Texas House Congressional District

1.Begin by finding a map of your Texas House Congressional District
2.Find the characteristics/demographics of your district by searching the web: http://www.census.gov/
Example: # of voters registered in the two major parties 57.8% Democrats, 41.3% Republicans.
3.Read Baker v. Carr & Westberry v. Sanders (provided below)
4.Analyze and Evaluate the decision by the Supreme Court in
Westberry v. Sanders
a) Do you agree with the courts holding?
b) Why is this a landmark decision?
EXPLAIN IN 2 PARAGRAPHS
Example – Agree: The Supreme Courts decision in Wesberry v. Sanders is fair to the voters because… OR: Disagree: The Supreme Court has overstepped their bounds because according to the Constitution…
5.Evaluate your state Congressional District.
Do find evidence that your district has been gerrymandered?
In your answer, explain how gerrymandering affects the values and principles of representative democracy (liberty, common good, justice, equality, equal protection under the law, rights of individuals, social diversity, civic
unity).
7] YOUR SUMMARY SHOULD BE 2 – 3 PARAGRAPHS. STATE WHETHER OR NOT GERRYMANDERING HAS OCCURRED IN THE FIRST SENTENCE.
Example: Gerrymandering has occurred in Illinois fourth Congressional District based on evidence. The fourth district is made up… ect.
Summaries:
Baker v. Carr,369 U.S. 186 (1962)
Plaintiff Baker was a Republican who lived in Shelby County, Tennessee, the county in which Memphis is located. His complaint was that though the Tennessee State Constitution required that legislative districts be redrawn every ten years according to the federal census to provide for districts of substantially equal population,Tennessee had not in fact redistricted since the census of 1900. By the time of Baker’s lawsuit, his district in Shelby County had about ten times as many residents as some of the rural districts. His argument was that this discrepancy was causing him to fail to receive the “equal protection under the laws” required by the Fourteenth Amendment.
Defendant Joe Carr was sued in his position as Secretary of State for Tennessee. Carr was not the person who set the district lines–the state legislature had done that-but was sued ex officio as the person who was ultimately responsible for the conduct of elections in the state and for the publication of district maps. The State of Tennessee argued that legislative districts were essentially political, not judicial, questions, as had been held by a plurality opinion of the Court in Colegrove v. Green (1946), wherein Justice Felix Frankfurter declared that, “Courts ought not to enter this political thicket.” Frankfurter believed that relief for legislative malapportionment had to be attained through the political process. The opinion was finally handed down in March 1962, nearly a year after it was initially argued. The Court split 6 to 2 in ruling that Baker’s case was justiciable (appropriate for the courts to decide), producing, in addition to the opinion of the Court by Justice William J. Brennan, three concurring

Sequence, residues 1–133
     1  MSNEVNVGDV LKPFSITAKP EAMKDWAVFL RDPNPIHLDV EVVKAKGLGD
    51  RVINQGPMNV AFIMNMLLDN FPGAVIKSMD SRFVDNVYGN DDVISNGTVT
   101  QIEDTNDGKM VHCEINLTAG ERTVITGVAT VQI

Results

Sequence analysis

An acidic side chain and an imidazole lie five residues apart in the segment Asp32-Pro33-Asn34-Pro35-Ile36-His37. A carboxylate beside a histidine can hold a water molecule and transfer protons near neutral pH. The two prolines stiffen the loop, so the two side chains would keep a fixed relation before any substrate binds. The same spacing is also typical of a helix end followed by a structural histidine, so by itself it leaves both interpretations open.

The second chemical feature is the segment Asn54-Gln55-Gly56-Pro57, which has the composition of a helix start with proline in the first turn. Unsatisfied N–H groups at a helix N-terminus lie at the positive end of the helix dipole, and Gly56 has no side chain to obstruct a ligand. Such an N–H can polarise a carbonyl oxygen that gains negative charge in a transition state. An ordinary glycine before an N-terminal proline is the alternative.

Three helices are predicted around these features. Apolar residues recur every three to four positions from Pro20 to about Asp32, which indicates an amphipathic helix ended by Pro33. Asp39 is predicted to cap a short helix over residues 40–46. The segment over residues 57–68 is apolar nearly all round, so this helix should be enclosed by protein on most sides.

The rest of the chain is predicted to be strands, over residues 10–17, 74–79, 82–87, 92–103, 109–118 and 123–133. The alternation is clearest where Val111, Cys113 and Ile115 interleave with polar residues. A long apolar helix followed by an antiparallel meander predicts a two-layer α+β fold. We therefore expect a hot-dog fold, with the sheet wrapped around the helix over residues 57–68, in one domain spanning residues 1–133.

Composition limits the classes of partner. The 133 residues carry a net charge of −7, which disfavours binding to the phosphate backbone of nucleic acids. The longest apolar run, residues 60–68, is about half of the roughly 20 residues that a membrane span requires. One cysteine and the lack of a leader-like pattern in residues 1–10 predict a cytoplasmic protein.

opinions and two dissenting opinions. Brennan reformulated the political question doctrine,proposing a six-part test for determining which questions were “political” in nature.
Wesberry v. Sanders, 376 U.S. 1 (1964)
Westberry v. Sanders was a case involving congressional
districts in the state of Georgia, brought before the Supreme Court of the United States. The Court issued a ruling on February 17, 1964 that districts have to be approximately equal in population. House districts and of rural overrepresentation in the chamber came to an end in the mid-to late 1960s. These abrupt changes were the direct result of a historic decision by the Supreme Court in 1964. In Wesberry v. Sanders, the Court held that the population differences among Georgia’s congressional districts were so great as to violate the Constitution.
In reaching its landmark decision, the Supreme Court noted that Article I, Section 2 of the United States Constitution declares that representatives shall be chosen “by the People of the several States” and shall be “apportioned among the several States…according to their respective Numbers….” These words, the Court held, mean that “as nearly as practicable one man’s vote in a congressional election is to be worth as much as another’s.” The importance of Wesberry and the Court’s later “one person, one vote” decisions cannot be overstated. They had an extraordinary impact on the makeup of the House, on the content of public policy, and on electoral politics in general. The nation’s cities and suburbs now speak with a much larger voice in Congress than ever before. Notice, however, that it is quite possible to draw congressional (or any other) district lines in accord with the “one person, one vote” rule and, at the same time, to gerrymander them.

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